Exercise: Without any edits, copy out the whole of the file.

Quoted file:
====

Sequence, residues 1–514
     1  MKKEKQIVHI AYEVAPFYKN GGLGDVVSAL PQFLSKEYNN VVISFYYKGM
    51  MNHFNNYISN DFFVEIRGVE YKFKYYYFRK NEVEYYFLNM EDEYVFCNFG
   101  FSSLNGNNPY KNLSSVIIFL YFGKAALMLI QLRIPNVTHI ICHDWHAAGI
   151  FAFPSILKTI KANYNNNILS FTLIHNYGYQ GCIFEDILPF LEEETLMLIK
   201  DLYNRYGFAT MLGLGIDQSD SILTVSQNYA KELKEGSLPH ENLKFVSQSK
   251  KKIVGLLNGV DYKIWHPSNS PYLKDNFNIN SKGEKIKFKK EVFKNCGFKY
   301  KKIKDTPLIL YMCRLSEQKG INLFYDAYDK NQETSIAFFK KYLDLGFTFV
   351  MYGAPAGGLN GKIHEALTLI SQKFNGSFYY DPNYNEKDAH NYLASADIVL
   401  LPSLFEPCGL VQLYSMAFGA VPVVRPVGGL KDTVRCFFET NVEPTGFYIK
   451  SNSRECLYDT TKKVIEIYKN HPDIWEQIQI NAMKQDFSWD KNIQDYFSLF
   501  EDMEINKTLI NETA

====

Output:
Sequence, residues 1–514
     1  MKKEKQIVHI AYEVAPFYKN GGLGDVVSAL PQFLSKEYNN VVISFYYKGM
    51  MNHFNNYISN DFFVEIRGVE YKFKYYYFRK NEVEYYFLNM EDEYVFCNFG
   101  FSSLNGNNPY KNLSSVIIFL YFGKAALMLI QLRIPNVTHI ICHDWHAAGI
   151  FAFPSILKTI KANYNNNILS FTLIHNYGYQ GCIFEDILPF LEEETLMLIK
   201  DLYNRYGFAT MLGLGIDQSD SILTVSQNYA KELKEGSLPH ENLKFVSQSK
   251  KKIVGLLNGV DYKIWHPSNS PYLKDNFNIN SKGEKIKFKK EVFKNCGFKY
   301  KKIKDTPLIL YMCRLSEQKG INLFYDAYDK NQETSIAFFK KYLDLGFTFV
   351  MYGAPAGGLN GKIHEALTLI SQKFNGSFYY DPNYNEKDAH NYLASADIVL
   401  LPSLFEPCGL VQLYSMAFGA VPVVRPVGGL KDTVRCFFET NVEPTGFYIK
   451  SNSRECLYDT TKKVIEIYKN HPDIWEQIQI NAMKQDFSWD KNIQDYFSLF
   501  EDMEINKTLI NETA